An object of the present invention, accordingly, is to provide a new and improved method of and system or apparatus and controlling software for electronic messaging that provides heterogeneous connectivity and a measure of universal or generic interfacing for distributed applications and processes residing in a wide variety of different computing platforms, communicating over one or more different transport facilities.
A further object is to provide such universal connectivity through the technique of isolating applications and processes from the communications environment with an integrated set of lower-level programs and routines that handle specific services-message/data recovery, security, directory services, etc.--within complex computing and communications environments without dealing with the idiosyncrosies of differing networks, protocols, devices, multiple "standards", routing, recovery and other transport problems.
Other and further objects will be explained hereinafter and are more particularly delineated in the appended claims.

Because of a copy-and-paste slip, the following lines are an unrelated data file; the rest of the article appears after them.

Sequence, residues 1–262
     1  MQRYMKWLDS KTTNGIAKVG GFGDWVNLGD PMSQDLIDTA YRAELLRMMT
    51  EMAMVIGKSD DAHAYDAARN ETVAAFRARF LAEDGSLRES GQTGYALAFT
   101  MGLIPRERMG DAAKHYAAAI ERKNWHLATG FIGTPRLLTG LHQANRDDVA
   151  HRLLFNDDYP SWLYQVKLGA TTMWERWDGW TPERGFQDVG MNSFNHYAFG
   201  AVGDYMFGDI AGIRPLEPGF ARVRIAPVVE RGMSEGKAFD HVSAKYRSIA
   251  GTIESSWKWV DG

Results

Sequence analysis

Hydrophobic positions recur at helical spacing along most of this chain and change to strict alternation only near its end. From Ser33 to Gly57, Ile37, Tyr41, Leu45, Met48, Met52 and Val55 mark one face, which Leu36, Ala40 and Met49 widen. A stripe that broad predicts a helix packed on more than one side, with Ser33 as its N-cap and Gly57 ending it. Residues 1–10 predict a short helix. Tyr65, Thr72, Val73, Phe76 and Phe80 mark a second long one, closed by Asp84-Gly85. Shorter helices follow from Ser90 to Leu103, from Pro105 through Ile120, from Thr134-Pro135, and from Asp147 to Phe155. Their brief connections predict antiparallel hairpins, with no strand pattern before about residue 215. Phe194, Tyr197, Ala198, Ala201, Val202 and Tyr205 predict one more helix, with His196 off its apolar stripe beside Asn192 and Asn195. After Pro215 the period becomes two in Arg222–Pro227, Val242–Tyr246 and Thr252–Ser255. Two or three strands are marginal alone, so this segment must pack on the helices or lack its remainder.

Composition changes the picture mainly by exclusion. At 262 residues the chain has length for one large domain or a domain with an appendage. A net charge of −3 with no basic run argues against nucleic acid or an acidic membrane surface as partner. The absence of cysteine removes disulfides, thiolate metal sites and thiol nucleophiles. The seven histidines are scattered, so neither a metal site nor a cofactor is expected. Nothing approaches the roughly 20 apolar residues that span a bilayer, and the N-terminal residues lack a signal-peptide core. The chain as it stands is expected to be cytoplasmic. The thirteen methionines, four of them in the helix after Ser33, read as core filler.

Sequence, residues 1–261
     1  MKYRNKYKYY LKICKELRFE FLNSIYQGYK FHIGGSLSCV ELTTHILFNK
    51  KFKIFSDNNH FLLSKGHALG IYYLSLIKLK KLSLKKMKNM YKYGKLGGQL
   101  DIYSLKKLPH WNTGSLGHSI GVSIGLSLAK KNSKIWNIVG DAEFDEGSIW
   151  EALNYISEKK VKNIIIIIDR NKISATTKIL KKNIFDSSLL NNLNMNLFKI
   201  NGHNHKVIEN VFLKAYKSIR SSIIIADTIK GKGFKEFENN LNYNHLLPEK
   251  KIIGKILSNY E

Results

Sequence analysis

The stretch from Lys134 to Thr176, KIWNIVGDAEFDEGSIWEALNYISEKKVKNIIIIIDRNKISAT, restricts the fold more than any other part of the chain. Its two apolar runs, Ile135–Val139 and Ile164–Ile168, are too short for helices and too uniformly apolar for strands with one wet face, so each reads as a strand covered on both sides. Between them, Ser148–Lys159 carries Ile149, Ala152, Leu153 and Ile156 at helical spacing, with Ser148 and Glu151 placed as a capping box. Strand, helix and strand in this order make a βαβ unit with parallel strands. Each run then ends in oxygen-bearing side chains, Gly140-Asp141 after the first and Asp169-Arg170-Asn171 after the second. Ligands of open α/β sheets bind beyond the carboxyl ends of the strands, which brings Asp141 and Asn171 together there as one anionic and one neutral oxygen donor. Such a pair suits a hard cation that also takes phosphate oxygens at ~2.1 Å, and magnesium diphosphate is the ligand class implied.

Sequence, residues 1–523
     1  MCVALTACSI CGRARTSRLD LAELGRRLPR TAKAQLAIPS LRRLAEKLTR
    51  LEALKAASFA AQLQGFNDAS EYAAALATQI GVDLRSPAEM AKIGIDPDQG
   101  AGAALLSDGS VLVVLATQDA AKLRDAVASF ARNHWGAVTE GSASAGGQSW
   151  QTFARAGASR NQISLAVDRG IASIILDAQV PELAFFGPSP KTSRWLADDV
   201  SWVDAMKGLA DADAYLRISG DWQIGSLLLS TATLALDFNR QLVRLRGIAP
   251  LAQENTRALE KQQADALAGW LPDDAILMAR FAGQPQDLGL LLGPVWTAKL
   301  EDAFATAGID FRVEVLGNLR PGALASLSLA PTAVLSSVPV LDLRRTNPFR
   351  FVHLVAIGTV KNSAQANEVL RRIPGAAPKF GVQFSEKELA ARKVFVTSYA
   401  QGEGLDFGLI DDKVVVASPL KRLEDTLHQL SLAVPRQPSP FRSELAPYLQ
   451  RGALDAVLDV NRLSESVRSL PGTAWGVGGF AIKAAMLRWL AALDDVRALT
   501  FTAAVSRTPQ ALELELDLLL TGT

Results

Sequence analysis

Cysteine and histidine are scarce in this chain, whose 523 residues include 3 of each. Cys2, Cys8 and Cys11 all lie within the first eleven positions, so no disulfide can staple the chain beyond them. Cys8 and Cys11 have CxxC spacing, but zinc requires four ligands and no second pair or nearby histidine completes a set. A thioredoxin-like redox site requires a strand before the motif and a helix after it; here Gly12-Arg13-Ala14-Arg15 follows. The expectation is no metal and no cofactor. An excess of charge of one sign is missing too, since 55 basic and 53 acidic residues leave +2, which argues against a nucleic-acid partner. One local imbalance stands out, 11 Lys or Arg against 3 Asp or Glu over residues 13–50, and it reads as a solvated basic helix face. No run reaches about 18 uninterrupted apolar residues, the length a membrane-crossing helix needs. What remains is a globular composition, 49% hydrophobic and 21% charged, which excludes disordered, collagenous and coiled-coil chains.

In summary, however, from one of its broader aspects, the invention embraces a method of electronically messaging between computers by heterogeneously and universally interfacing distributed applications and processes residing in a wide variety of differing computer platforms and communications transport facilities of various types, that comprises, providing a set of single-function software modules controlled by a preselected set of verbs that together provide a consistent application programming interface between the application/process and the communications facility and through which application programs/processes can access the electronic messaging; under the control of the set of module verbs, first queuing and routing messages and data flowing from and to the sending and receiving computer applications/processes and monitoring the delivery status thereof, and then communicating the routed messages and data through a communication agent for each communication transport facility; and providing common messaging functions for all communication agents independently of and without user concern for the specifics of the various communications facilities and their characteristics.